This simplified scheme is justified since the asymptotic conditions are fulfilled . More specifically, as determined by Liang et al.  for pulse durations longer than 250 fs (asymptotic regime), the complex multirate equation that is generally used to describe the inverse Bremsstrahlung absorption and impact ionization can be simplified into a single rate equation. Since the pulse duration in this study is much longer than 250 fs, we chose the asymptotic single rate equation for our optical breakdown model. Additionally, we have extended the model to include an AI contribution term to account for the nanosecond electrical impulse in Eq. (1). Electron recombination processes and diffusion out of the focal volume are critically important for picosecond pulse duration and mandatory for longer nanosecond duration; therefore, two additional loss terms are added to account for contributions of recombination and diffusion rates in the target media:
The first term on the right-hand side of the equation represents the contributions from laser strong field interactions (). This term considers the laser-driven excitation of VB electrons to the CB across the entire bandgap, , via intermediate level through both multiphoton and tunneling ionization. These ionization rates depend on wavelength, electric field intensity, and bandgap, as described by the well-known Keldysh formula . Terms and denote the avalanche ionization rate for the SRE asymptotic regime for a single laser pulse and the avalanche ionization rate for the electric impulse, respectively. For a more detailed formulation and derivation of the and terms, the reader is referred to Liang et al. . The terms denote the number density of charge carriers, with specifying subscripts , indicating total, valence, and bound, with , and the ratio denoting the potential for a depleted valence band in the ionization process. Since the donor electron level is unknown, tunneling of donor electrons by external electric field into the CB is simplified as a background electron density, , which approaches the number density of donor electrons, . Finally, and denote losses from electron recombination and diffusion, respectively. Diffusion in polar liquids is different from diffusion in gases . In polar liquids, the external field from the positively charged ions and from the surrounding polar environment slows the diffusion of electrons and leads to a reduced ambipolar diffusion coefficient, . In this paper, we use corresponding to diffusion time , , and for number density of bound electrons that can be ionized in pure water. The model can, in general, simulate optical breakdown induced by any two wavelength laser pulse combinations with adjustable interpulse intervals. Additionally, we can effectively “turn off” the contributions from either the psLP or nsEP by setting their individual components to zero. With this in mind, we modeled the contribution from DC electric field impulses via the IBA rate of a 10 μm wavelength laser pulse, as the DC breakdown threshold is closely reflected by that of long wavelength laser pulses such as those from a laser pulse .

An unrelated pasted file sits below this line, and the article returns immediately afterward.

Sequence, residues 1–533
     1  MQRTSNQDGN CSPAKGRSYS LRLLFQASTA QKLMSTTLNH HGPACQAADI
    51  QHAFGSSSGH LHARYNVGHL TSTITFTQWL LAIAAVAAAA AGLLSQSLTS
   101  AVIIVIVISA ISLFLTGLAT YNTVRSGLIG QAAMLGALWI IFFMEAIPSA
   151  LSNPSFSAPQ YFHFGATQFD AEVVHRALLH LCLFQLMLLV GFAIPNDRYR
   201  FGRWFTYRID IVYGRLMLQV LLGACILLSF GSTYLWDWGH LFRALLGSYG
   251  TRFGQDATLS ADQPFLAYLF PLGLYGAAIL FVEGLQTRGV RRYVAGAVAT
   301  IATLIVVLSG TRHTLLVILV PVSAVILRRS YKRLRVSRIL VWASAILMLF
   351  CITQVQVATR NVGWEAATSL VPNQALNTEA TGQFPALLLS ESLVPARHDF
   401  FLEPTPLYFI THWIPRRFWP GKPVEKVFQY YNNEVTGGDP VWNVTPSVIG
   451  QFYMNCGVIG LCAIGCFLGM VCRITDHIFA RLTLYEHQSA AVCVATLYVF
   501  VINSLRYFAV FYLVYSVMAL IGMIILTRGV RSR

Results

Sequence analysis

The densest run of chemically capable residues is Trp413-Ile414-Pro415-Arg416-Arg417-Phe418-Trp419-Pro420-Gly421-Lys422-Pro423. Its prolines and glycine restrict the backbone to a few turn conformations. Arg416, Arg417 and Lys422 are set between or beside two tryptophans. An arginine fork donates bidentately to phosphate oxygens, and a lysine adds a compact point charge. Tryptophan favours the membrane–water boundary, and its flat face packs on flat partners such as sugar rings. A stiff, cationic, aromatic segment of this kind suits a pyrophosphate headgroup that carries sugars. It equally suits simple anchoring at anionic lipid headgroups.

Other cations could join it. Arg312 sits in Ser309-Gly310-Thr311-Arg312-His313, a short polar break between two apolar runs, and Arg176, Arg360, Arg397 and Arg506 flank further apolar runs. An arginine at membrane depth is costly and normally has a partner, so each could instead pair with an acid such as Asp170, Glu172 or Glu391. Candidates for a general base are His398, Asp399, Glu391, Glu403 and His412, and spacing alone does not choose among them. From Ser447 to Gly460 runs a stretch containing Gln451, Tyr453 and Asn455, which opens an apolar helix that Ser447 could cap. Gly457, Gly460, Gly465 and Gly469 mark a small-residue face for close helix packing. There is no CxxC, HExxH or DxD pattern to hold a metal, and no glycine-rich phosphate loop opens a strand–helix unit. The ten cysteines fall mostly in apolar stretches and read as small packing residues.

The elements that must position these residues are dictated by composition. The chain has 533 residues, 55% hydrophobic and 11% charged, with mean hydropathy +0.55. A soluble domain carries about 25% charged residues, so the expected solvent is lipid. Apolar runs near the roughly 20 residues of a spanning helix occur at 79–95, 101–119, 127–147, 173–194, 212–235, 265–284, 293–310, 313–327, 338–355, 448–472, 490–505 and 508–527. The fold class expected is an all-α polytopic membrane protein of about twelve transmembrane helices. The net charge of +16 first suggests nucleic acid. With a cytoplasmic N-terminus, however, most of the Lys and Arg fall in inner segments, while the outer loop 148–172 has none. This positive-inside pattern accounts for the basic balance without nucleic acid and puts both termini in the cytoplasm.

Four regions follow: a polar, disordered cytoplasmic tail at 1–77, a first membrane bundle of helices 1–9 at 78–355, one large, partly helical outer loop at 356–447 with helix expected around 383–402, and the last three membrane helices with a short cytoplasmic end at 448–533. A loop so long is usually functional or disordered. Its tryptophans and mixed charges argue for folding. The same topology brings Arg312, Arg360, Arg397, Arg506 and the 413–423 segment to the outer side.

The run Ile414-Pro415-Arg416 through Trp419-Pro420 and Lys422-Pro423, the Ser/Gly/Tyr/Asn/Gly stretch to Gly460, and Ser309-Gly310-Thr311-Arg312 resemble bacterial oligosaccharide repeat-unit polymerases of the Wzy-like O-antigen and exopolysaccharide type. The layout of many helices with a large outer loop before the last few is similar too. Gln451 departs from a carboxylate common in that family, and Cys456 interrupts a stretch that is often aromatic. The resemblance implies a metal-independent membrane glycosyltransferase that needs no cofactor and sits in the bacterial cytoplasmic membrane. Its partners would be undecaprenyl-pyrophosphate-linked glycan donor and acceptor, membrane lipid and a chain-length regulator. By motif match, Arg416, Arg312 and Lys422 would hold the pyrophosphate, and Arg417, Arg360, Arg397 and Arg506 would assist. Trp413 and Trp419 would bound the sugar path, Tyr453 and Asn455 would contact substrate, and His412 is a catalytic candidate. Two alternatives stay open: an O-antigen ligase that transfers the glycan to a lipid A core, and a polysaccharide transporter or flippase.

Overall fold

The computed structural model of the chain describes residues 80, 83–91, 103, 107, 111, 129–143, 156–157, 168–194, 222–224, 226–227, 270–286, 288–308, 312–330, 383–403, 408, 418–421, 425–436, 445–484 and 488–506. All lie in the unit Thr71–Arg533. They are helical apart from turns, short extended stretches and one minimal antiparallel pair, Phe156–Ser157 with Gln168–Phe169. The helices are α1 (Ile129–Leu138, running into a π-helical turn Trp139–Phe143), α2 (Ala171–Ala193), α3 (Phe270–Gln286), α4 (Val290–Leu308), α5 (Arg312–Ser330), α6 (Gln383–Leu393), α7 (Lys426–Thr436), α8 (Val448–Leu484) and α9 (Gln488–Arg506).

We note that, within our model, the bandgap and energy-level modifications provided by the DC electric field are neglected. This is because, even in the case of our greatest field intensity of 40 kV/cm, the reduction of the bandgap is quite small. The bandgap reduction is described by Eq. (2), as provided by Keldysh while discussing the Keldysh-Franz effect :
B. Opto-Electrical Breakdown Thresholds
We utilized our opto-electrical breakdown model to validate and explain experimental observations against our hypothesis. A schematic of the experimental setup is presented in Fig. 1(b). We used a 1064 nm, 14 ps laser (APL-X 1064-532; Attodyne Inc., Toranto, Ontario) to initiate breakdown, which was chosen to exclude direct absorption of light by biological molecules, increasing the overall dependence on AI in the breakdown and bubble formation process . The laser spot at the sample volume was estimated near the diffraction limit, with an approximate spot radius of 1.33 μm and Rayleigh length of 7.8 μm, providing a fairly small interaction volume of roughly . A 485 nm probe laser with 0.4 mW average power was coaligned and focused to a photodiode after the sample for breakdown detection. Breakdown events distort the focal volume of the laser and thus are detected as fluctuations in signal intensity measured at the photodiode. A pair of tungsten electrodes was centered about the laser focus, 200 μm above the cover glass of a petri dish. The nsEP system has been described previously  and provided a trapezoidal profile electric field with approximately 100 ns rise time, 500 ns working time, and 30 ns fall time for the delivered impulse. All electrical and optical pulse timing was controlled by a pulse delay generator (DG535; Stanford Research Systems, Inc.). The DC field intensities were well below the dielectric breakdown threshold for the target media, no arcing or direct electric breakdown phenomena were observed, and all breakdown events were limited to that of the optical breakdown regime. The tungsten electrodes were, however, located within the field of view of the microscope and thus were easily observed during and inspected after each series of experiments via digital camera. No visible damage was detected on the electrode surfaces throughout this study. Furthermore, the cell culture dishes used to hold the sample volumes were designed for optical imaging of biological targets for extended duration using blue wavelengths and were replaced often. The measured intensity for the 485 nm probe beam did not decrease through the entirety of the experiments, indicating that no color centers or other defects were observed that would distort or decrease light transmission and breakdown detection or reduce pulse energy delivery to the sample.